Hair can be a good signifier of general well-being and is often one of the first signs of an underlying health problem. There’s lots of evidence to link stress and anxiety to hair loss as well as auto immune diseases such as type 2 diabetes or thyroid disorders.
Diet also plays a key part in maintaining our general health and it stands to reason that it can also have an effect on hair growth and loss. There is mounting evidence that the certain toxic metals in water such as thallium are linked to alopecia and there is also a growing body of thought food allergies and intolerance to certain types of product could also be leading to hair loss
Gluten intolerance can stop vital nutrients from being absorbed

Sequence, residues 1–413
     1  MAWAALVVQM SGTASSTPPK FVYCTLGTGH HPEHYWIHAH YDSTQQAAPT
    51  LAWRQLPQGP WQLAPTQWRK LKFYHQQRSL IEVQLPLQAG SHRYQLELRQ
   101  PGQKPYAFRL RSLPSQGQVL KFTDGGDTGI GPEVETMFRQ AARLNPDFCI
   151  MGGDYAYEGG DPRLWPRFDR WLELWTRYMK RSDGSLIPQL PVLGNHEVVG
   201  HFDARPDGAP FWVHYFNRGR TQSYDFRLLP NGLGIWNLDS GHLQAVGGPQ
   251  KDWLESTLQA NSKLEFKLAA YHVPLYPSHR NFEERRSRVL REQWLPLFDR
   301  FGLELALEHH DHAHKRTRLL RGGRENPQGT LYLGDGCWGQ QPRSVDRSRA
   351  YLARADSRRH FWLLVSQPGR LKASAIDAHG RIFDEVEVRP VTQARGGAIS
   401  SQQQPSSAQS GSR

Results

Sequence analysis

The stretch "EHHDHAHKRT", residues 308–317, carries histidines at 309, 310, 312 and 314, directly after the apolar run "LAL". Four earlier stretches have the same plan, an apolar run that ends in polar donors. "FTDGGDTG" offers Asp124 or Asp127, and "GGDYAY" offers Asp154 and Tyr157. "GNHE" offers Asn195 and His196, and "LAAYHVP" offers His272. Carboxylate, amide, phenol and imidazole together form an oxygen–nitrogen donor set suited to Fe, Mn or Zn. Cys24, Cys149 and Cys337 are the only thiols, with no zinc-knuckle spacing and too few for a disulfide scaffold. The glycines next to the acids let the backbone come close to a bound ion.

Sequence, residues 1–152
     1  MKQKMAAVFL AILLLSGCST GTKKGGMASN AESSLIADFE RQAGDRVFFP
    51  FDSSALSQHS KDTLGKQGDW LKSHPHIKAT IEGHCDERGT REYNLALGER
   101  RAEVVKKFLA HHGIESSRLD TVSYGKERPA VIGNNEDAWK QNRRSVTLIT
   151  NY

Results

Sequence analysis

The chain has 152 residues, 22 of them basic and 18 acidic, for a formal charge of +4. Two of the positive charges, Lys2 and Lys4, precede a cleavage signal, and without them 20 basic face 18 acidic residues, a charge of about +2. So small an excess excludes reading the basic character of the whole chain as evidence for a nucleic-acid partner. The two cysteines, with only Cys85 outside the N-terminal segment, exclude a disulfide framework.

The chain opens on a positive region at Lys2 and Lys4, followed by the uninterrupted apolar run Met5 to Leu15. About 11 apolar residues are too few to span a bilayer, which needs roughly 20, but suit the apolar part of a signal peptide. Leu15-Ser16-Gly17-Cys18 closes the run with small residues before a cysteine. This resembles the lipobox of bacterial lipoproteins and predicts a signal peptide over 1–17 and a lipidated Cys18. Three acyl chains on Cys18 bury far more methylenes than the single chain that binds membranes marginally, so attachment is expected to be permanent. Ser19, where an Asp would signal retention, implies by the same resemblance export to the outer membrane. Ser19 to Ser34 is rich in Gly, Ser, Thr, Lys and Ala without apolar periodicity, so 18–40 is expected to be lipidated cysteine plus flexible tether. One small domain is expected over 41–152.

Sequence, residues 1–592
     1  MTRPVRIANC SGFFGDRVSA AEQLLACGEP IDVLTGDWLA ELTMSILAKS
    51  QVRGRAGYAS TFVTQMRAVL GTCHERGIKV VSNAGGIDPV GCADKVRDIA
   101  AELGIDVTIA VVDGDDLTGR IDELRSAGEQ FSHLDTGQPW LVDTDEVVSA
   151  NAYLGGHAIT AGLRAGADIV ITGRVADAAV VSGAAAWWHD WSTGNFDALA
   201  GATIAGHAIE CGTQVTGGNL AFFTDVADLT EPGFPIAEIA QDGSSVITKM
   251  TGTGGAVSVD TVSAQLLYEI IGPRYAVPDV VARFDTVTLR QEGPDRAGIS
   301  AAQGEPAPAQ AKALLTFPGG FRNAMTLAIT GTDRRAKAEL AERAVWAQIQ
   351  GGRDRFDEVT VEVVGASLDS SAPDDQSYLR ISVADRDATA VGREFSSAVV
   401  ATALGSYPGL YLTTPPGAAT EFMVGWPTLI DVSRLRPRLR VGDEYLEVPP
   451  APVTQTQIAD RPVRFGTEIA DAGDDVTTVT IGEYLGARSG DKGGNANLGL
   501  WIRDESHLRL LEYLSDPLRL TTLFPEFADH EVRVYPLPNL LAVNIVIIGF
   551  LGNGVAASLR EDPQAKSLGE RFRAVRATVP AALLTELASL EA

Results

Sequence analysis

Gluten allergies can indirectly cause hair loss by damaging the gut wall and stopping the body from absorbing the nutrients it needs to create healthy hair follicles as well as triggering auto immune responses which can lead to alopecia areata.
Whilst maintaining a healthy diet
is always going to be recommended, if you’re suffering from severely thinning hair or the rapid onset of baldness it’s generally unlikely that food intolerance or something toxic in your diet is likely to be the cause though.
Sometimes the cause of hair loss just remains a mystery
In most cases of alopecia
it’s impossible to get to the root cause of the problem. Stress and anxiety are known to trigger sudden hair loss and if there’s a problem running in families then sometimes it can be predicted with reasonable accuracy but often there’s no obvious reason for it.
Eating the right foods is never going to harm your hair but if you are concerned that your shedding more than 100 hairs a day when you shower or brush then it might be worth seeking some expert advice
and not just relying on a change of diet to solve the problem.